Now I will try to draw out what happens seems to happen in modern urban Indian Arranged marriages. Depending on the level of conservativeness of the family, the young adult may be given an option to bring home someone whom they think is right for them. If this doesn’t happen, or there is a disagreement about suitability from either side, the parents ask around to others from their community for anyone who their friends or extended family may know who may be a suitable match for their son/daughter. Simultaneously, if the chances of such a match turning up is low, they register on a matrimony site. There are plenty out there, some more popular than others with varying sophistication of profile details and search options. These sites are not that different to a dating site found in the west, except that some of the search options and details would be more about their social identity which wouldn’t be found in a dating site. Also, the people who register are looking for long term relationships rather than ‘trying out’ various options.

In these websites, once someone is interested, first contact is made and depending on the insistence of either side’s parents, horoscopes are matched and photos are exchanged. If this step passes well, the two young adults are introduced and they may chat, email or skype and if they are lucky enough to live in the same city, they will meet in person. Within a few such sessions, they will be able to tell if they like each other enough to continue and have enough things in common that even after the initial spark dies, they can still function as good team. Meanwhile the parents will also be getting to know each other and if they have the means, background checks may be done at this point. I suppose at some point, the two young adults will feel satisfied with the match and agree on a date to get engaged. The two families would have tried their hardest to find a family similar to theirs in terms of jobs of the parents, number of siblings, economic status and how conservative they are in outlook. This is supposed to ensure that the two adults have enough common background to be able to relate to each other and are able to understand what the other means by words denoting certain important concepts. As much common ground as possible is established as early on as possible.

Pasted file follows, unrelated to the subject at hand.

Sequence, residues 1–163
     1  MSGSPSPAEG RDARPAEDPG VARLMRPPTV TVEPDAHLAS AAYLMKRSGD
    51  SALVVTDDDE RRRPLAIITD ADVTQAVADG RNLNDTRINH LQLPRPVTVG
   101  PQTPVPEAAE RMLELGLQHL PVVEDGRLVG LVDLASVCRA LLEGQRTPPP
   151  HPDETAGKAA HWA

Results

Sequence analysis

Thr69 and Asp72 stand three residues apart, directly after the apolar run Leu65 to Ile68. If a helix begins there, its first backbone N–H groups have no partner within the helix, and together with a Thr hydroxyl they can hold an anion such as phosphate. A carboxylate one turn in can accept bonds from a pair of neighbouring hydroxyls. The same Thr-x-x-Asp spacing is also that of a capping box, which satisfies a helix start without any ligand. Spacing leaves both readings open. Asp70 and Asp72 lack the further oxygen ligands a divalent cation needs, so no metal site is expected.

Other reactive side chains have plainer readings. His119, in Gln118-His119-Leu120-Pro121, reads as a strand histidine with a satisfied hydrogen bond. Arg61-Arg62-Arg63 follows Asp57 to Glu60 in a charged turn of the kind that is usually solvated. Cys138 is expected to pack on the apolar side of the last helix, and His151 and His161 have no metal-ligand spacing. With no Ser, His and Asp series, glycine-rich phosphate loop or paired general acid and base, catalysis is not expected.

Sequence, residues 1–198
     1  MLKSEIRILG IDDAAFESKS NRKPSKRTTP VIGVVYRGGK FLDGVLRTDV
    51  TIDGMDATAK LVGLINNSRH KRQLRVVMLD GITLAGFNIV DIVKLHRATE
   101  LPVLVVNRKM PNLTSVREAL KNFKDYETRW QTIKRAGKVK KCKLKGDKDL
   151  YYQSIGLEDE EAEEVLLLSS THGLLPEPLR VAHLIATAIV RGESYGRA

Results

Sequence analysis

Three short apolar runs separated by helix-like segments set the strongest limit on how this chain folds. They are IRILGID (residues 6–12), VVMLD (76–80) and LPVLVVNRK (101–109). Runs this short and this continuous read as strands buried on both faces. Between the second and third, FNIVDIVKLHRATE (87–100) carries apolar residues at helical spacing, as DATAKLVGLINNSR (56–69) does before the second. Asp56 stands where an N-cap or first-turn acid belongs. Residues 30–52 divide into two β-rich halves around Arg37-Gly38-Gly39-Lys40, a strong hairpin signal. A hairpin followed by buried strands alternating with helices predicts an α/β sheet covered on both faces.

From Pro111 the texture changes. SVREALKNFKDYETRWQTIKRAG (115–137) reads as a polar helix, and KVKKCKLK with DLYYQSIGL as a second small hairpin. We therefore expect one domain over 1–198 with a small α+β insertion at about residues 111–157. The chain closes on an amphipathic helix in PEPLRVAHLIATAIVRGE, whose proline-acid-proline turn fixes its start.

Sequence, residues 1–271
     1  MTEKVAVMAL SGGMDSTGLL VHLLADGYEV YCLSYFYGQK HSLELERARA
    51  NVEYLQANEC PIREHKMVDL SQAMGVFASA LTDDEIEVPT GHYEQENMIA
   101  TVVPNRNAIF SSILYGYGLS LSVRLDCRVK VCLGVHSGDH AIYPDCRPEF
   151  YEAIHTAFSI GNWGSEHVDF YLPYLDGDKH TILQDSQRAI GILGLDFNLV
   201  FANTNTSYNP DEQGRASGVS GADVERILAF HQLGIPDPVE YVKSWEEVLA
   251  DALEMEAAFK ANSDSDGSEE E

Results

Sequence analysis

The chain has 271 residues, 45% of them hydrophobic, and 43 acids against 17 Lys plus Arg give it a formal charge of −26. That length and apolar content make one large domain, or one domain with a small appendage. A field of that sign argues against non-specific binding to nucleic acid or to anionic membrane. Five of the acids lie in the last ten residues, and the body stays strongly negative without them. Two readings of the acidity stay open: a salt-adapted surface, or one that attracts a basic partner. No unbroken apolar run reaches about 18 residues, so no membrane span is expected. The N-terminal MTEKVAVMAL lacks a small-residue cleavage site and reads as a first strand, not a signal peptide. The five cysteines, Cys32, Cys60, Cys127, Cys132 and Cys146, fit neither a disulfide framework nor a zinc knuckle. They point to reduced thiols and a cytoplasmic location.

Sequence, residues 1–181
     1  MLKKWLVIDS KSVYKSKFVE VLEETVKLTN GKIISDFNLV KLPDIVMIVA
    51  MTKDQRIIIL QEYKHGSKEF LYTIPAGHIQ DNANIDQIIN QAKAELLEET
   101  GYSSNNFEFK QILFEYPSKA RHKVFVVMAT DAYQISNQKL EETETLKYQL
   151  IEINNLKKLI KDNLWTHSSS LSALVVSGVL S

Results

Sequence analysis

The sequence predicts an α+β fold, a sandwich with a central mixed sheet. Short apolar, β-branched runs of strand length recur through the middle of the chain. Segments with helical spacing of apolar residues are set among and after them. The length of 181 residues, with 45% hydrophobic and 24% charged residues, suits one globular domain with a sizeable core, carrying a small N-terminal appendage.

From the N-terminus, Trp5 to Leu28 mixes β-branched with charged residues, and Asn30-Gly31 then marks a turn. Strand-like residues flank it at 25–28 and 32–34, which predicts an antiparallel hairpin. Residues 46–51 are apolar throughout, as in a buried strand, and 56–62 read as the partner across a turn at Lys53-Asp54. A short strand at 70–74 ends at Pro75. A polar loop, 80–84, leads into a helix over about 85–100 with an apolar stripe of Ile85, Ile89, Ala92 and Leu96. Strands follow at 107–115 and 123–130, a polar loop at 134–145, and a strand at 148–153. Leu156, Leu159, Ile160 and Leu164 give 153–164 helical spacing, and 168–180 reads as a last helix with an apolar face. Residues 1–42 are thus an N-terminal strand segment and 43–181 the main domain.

This is a rational and logical way of planning a partnership for life.

However, there is a small problem. This is the issue of the spark. One may have everything in common with someone but simply not feel a spark. In which case, does on go on with the commitment and expect the love to build over time like in the old days? Or does one wait for someone who they feel a spark toward? Parents agree that the spark or attraction must be there but this is not something that one can match by any logic or reason or the talents of an astrologer. If one chooses to go against the need, one is getting an Arranged marriage in the old form, whereas, if one chooses to wait, what they have followed is a process of arranged dating, more organised but not very different to falling in love.

In movies and books, the dramatic declarations, the irrational flight stopping and dialogues and misunderstanding because one is too afraid to bare open their heart, gives romance a sense of thrill and suspense. This element of spontaneity is wholly done away with in arranged marriage and of course it is a pity. But the honeymoon phase of a relationship lasts only a few years and then it needs more than faffy romantic love to carry forth. So perhaps the question of Arranged marriage vs Love marriage is more a question which asks you to decide your unique proportion of your heart and your brain. Everyone will make this decision differently.